The sacred city of Vrindavan, in India’s Uttar Pradesh state, is known as the City of Widows since it has given such a large number of ladies safe house. What’s more, lately, widows have found a touch of shading and euphoria here too.
Sulabh International has been arranging general Holi festivities in Vrindavan since 2013. More than 1,000 widows assembled in the courtyard of one of the city’s most established temple — dedicated to Krishna, the most energetic of the Hindu divine beings. The celebration of Holi falls on Thursday this year, however in Vrindavan and numerous different parts of the nation, the playing of hues starts a week ahead.
Bindeshwar Pathak, a well-known social reformer, and organizer of Sulabh International who has pursued a relentless crusade against excluded widows in the nation, likewise joined in the festivals.
Sulabh International was solicited to direct the lives of widows in the city by India’s Supreme Court taking after news reports of the widows being compelled to ask for sustenance and into prostitution. While there are a huge number of dowagers in Vrindavan, the gathering has been named overseer for around 1,500.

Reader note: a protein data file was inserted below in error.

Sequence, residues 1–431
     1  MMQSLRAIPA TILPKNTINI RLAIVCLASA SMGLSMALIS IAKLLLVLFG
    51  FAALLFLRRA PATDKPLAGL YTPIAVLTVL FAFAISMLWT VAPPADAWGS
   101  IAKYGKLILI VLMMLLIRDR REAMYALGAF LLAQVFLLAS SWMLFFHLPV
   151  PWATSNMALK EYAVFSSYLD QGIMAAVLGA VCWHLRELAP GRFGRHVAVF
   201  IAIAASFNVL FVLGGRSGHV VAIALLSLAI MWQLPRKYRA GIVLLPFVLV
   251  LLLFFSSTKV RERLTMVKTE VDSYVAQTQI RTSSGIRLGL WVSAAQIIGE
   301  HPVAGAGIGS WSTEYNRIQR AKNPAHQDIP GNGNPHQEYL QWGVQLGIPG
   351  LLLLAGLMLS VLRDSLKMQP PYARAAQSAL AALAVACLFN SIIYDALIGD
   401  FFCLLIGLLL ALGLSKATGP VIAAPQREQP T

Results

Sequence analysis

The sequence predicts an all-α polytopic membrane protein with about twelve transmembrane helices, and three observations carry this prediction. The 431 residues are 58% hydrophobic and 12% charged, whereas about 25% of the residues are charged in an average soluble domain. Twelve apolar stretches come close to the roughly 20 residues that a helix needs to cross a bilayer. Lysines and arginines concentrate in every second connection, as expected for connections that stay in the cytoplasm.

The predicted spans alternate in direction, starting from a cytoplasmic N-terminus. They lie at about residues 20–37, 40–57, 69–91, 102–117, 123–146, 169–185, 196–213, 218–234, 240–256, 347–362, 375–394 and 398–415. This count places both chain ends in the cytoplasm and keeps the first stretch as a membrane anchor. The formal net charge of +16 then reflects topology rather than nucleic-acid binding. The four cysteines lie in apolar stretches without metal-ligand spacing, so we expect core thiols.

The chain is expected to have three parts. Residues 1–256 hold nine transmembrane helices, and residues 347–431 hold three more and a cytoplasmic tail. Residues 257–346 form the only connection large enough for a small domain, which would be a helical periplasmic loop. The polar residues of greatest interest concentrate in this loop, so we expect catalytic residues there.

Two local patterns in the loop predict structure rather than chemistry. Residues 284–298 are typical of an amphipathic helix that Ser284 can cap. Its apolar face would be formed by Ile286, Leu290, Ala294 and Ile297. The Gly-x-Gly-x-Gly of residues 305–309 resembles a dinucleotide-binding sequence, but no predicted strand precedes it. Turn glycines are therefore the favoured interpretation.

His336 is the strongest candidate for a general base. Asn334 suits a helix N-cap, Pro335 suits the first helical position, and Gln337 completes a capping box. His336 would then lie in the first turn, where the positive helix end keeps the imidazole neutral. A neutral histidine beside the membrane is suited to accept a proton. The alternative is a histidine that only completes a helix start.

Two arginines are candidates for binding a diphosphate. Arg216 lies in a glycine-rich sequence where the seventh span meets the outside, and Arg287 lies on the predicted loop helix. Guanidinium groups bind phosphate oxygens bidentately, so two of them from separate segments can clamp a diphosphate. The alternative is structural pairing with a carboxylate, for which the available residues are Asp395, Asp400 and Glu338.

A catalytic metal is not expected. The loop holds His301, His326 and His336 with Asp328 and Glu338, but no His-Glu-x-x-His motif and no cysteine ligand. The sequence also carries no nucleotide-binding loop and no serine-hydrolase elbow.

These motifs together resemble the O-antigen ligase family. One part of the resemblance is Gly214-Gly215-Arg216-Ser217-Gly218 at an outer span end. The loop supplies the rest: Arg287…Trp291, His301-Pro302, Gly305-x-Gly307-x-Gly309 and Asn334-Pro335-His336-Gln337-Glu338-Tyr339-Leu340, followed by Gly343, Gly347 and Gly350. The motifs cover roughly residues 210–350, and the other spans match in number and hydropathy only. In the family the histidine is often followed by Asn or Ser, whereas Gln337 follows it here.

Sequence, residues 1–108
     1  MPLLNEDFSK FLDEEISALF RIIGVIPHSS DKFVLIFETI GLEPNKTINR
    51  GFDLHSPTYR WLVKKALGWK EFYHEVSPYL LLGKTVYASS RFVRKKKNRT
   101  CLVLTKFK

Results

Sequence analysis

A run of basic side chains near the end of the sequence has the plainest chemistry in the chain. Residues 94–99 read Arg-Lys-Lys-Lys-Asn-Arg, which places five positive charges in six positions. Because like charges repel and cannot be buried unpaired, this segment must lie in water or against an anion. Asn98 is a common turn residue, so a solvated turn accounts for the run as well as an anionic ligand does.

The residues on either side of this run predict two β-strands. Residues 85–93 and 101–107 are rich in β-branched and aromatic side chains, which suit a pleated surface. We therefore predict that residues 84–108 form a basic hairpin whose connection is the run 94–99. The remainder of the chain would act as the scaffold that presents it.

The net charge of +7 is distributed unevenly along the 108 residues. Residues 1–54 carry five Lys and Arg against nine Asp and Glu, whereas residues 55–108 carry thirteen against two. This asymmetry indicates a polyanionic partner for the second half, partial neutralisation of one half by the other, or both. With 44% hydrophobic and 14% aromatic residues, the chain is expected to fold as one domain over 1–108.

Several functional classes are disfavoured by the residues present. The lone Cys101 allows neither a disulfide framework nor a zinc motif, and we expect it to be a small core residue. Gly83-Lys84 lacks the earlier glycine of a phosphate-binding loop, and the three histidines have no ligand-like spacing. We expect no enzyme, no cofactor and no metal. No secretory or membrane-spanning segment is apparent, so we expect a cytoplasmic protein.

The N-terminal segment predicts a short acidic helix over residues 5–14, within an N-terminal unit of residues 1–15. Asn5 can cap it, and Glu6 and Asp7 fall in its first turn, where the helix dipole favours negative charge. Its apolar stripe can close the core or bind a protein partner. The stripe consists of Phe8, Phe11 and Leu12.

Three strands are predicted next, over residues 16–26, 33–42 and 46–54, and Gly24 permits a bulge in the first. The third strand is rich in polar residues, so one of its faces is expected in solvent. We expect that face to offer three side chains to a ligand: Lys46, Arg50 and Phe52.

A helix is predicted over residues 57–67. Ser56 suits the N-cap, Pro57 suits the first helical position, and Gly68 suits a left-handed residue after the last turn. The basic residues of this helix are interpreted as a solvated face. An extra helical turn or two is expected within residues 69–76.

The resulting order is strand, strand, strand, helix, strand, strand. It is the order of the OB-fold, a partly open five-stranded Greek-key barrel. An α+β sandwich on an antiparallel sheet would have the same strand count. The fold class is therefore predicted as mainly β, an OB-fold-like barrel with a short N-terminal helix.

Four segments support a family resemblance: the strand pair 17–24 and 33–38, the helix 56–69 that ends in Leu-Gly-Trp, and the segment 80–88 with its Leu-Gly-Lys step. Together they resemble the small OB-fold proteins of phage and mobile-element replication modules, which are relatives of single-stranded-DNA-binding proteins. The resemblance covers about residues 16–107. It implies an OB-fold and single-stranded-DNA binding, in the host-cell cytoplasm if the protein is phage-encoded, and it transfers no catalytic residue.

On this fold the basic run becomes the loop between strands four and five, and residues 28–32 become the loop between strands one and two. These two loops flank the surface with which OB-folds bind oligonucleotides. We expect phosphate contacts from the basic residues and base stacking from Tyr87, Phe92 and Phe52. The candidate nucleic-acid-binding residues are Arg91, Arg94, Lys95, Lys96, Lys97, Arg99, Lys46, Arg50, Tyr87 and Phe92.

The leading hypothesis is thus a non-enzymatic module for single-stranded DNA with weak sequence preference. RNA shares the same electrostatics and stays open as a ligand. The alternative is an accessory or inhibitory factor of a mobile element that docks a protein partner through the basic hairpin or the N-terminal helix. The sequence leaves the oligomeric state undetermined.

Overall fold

One thing that I noticed was that most of the widows here were Bengalis. I spoke with a few of them and got to know that widows come here mostly from Assam, Bengal and even from the southern states. The women range in age from 22 to 100. Some were abandoned by their families decades ago.
A rumour I heard on that occasion was that a family brought their grandma here to experience the Holi Celebrations and left her here alone making it an impulse for her to stay in the ashrams. Later I heard that she is not a special case and there have been numerous such different situations where old ladies were brought to Vrindavan to visit the temples and after that, at last, were left there.
As the Hindu priests chanted religious verses many widows sprinkled shaded powders and played with water guns loaded with hued water. Showers of blossom petals filled the air.
As noisy music impacted, the more youthful ladies bumped with each different as they played with the hues. To my astonishment, the widows even danced to “Balam Pichkari.. Seedhi Saadhi chori sharabi ho gayi” in a temple that is supposed to be sacred.
Well, for many more seasoned ladies, years of social molding demonstrated hard to break. They connected just little spots of shading to each other’s brows.
The way the widows broke the religious barrier is definitely a way forward to a progressive and inclusive society of which they are an integral part. I never liked the idea of them remaining outside the social sphere. I am happy that they celebrated Holi. I could see the happiness on a few faces as they shyly smiled, took the gulal(powdered colour) out and smeared my face with it. A few others had found secluded places to dance and enjoy by their own while others were comfortable dancing in front of the camera.
-Anirban Saha ( www.anirbansaha.com )
Did you know?
Sulabh International was the first NGO to take the initiative to set up public bathrooms thus the name ‘Sulabh Shauchalaya’.